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Neighbouring country fuelled terror fire in Pakistan: Nisar

Says some Indo-US agreements affecting Pakistan

By our correspondents
February 22, 2015
WASHINGTON: Minister for Interior Chaudhry Nisar Ali Khan has said that the neighbouring country had fuelled the fire of terrorism in Pakistan.
“We believe terrorists should be known by their misdeeds and not by their religious affiliation,” Nisar, who represented Pakistan at the White House Summit on Countering Violent Extremism, said.
The interior minister, flanked by Pakistan’s Ambassador to the United States Jalil Abbas Jilani, was briefing journalists at the end of his three-day visit to Washington. He noted that some Indo-US agreements were affecting us.
“It is the US prerogative to have relations with members of the international community. But there is a fallout for Pakistan in the United States’ advancing relations with India through certain agreements. There is an imperative for Washington to maintain a strategic balance in the region,” he added.
The minister welcomed President Barack Obama’s emphasis that terrorism was not linked to any religion, saying this clear-cut stance would help fight against terror. It was a corroboration of Pakistan’s stand — and a significant step in terms of clarity as well as towards forming a united front against militancy.
The comments by Nisar followed Obama’s categorical articulation that militants like al-Qaeda and ISIS operatives did not represent Islam and that the United States was not at war with Islam.
During the visit, Nisar also had the opportunity to discuss Pakistan-US ties and present Islamabad’s views and concerns about the region in meetings with US National Security Adviser Susan Rice, Secretary of State John Kerry and Special Representative Daniel Feldman.
Nisar said leaders at the summit also shared Pakistan’s view that the underlying causes of terror “including political disputes” needed to be addressed and that terrorism could not be wiped out through military means alone. He particularly referred to the Palestinian and Kashmir disputes as among the causes that bred extremism and militancy.
As a vital international player in counterterrorism, Pakistan meaningfully participated in the White House summit. Nisar also reminded participants of the high cost the country had paid in terms of loss of human lives and economy.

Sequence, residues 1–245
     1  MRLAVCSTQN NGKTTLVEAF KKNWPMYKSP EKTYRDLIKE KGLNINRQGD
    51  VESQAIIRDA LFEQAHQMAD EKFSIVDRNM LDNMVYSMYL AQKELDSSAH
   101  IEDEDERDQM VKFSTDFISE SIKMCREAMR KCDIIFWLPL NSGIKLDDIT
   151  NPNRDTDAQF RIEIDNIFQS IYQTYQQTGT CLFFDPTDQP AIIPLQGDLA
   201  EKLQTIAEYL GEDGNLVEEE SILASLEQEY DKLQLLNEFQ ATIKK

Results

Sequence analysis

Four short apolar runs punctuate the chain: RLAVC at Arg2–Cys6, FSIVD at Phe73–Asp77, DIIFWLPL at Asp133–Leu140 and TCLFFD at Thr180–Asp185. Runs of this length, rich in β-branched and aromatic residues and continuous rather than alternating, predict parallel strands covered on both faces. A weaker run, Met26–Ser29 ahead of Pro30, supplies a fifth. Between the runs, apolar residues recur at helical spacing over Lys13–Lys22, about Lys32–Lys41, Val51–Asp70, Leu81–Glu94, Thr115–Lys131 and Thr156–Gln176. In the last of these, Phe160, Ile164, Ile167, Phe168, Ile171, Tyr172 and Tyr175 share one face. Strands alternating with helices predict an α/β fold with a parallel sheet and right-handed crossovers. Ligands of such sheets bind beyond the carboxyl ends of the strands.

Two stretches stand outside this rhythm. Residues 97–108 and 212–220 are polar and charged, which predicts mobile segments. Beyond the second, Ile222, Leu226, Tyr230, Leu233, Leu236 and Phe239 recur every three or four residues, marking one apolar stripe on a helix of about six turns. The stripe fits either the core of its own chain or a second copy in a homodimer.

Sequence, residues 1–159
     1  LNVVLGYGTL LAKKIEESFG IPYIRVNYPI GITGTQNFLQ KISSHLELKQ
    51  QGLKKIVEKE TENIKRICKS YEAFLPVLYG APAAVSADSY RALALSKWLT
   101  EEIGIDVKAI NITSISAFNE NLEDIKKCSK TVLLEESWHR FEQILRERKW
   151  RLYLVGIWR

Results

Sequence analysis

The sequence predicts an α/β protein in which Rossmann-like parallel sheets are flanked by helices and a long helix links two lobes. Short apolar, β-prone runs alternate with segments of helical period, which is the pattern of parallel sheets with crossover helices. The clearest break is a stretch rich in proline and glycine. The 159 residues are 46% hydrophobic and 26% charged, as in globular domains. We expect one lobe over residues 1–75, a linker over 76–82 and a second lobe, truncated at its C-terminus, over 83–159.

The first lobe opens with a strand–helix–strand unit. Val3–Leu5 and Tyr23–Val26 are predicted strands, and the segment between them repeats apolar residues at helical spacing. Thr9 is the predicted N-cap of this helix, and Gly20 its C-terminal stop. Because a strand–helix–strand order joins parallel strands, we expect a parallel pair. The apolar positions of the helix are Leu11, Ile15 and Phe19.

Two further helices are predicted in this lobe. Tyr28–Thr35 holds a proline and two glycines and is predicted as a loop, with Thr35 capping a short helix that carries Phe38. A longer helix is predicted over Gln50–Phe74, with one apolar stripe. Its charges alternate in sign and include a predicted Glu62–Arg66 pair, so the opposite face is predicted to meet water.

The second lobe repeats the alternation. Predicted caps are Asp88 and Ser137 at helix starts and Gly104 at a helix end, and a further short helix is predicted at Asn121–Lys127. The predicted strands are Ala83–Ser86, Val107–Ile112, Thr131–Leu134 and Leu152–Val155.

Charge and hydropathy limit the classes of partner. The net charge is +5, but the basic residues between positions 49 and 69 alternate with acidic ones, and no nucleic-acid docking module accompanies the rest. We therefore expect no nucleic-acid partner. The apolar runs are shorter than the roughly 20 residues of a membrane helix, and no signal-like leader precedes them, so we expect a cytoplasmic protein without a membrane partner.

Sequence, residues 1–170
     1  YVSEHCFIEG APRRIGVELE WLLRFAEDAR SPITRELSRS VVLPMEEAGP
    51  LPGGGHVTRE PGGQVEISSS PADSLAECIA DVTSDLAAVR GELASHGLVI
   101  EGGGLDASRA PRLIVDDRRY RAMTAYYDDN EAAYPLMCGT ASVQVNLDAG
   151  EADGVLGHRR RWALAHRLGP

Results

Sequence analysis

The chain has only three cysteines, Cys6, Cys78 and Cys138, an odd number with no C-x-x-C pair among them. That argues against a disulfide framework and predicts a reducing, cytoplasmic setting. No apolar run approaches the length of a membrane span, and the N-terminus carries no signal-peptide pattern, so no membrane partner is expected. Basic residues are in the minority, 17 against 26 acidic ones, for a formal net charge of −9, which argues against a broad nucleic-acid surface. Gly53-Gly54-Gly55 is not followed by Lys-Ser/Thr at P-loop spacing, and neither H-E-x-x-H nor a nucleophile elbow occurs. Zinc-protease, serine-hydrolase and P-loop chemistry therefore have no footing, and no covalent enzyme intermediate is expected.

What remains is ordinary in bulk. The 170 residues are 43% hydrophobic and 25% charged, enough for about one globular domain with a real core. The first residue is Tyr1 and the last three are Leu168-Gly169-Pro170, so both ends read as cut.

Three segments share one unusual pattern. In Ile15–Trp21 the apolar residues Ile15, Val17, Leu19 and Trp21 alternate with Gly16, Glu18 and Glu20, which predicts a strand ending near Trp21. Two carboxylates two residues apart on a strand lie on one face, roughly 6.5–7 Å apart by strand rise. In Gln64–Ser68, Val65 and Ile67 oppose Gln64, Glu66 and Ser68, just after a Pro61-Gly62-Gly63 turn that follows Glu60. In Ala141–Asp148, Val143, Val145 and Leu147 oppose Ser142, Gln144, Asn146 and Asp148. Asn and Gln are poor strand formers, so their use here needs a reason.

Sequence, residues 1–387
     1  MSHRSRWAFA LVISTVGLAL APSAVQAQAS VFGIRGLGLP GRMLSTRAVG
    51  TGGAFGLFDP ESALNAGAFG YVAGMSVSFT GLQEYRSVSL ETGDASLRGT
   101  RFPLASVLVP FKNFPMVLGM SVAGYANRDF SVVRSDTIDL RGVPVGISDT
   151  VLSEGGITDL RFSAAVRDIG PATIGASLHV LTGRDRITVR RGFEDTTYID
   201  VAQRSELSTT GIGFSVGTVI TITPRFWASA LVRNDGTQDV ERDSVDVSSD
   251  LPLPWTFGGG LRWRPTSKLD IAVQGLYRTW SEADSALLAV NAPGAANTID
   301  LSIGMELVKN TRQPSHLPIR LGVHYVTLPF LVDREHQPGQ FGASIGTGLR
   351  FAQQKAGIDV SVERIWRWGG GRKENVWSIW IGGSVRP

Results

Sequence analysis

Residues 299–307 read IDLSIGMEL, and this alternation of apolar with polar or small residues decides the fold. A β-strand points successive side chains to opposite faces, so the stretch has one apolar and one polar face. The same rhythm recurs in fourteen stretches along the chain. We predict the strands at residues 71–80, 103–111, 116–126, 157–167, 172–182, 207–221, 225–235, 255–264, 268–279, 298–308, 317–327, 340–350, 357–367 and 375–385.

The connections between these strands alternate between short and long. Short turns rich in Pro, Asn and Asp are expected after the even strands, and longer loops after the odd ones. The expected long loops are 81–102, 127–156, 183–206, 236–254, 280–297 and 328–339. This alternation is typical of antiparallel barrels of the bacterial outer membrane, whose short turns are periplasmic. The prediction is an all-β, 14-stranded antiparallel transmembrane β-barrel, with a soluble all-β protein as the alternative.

The minister said on his return to Islamabad he would propose to the government to host a regional conference, where South Asian and regional countries could discuss ways to combat violent extremism comprehensively.
On his bilateral meetings with top American officials, Nisar described them as “positive”.
During the meetings, the minister highlighted how Pakistan had been trying to grapple with the multiple challenges facing the country.
Nisar also underlined the importance of clarity and coordination with regard to Afghanistan.
The US officials were positive towards Pakistan, and recognised the country’s critical role and sacrifices in the fight against terror.
Citing the US attention towards Pakistani concerns, Nisar said, President Obama had called Prime Minister Muhammad Nawaz Sharif twice, once before and then again after the conclusion of his visit to New Delhi last month to take the Pakistani leader into confidence.
The US acknowledges that Pakistan has a vital role — and that Pakistan is a very important strategic partner of the international community.
When questioned that India wanted to highlight its often-propagated threat from Pakistan soil but failed to do so at the White House Summit this week, the minister responded that in contrast to the Indian infatuation with linking Pakistan to terror, wherever it might occur, Islamabad talks about solutions to problems.
He expressed the hope that Indian foreign secretary’s planned visit to Pakistan would lead to its logical conclusion for peace. “We will meet the Indian foreign secretary with an open mind — instead of indulging in a blame game, we will meet with an open mind.”
He hoped that New Delhi would also demonstrate a positive spirit, towards forging peace. “We believe in peace and would like to have good relations — but it takes two to tango — I hope India will respond in the same manner.”
Earlier, the United States National Security Adviser Susan Rice, in a meeting with Minister for Interior Chaudhry Nisar Ali Khan, appreciated the sacrifices and commitment of Pakistan in the fight against terrorism and extremism.
President Obama’s Special Assistant on Afghanistan and Pakistan, Jeff Eggers, joined Susan Rice.
The two leaders exchanged views on matters of mutual interest in the bilateral and regional context.
Expressing satisfaction on the state of play in the bilateral relationship, both the sides agreed to continue the momentum of cooperation generated in the wake of last ministerial session of the Strategic Dialogue process held in Islamabad.
Noting the timely US initiative to convene the Summit on Countering Violent Extremism, Nisar apprised Rice of the ongoing military operations and steps being taken in follow-up to the National Action Plan to eliminate terrorism.
Rice commended the resolve of the leadership and the people of Pakistan to deal with terrorism in a comprehensive manner. Rice assured the interior minister of the continued US support for Pakistan’s efforts to eliminate terrorism.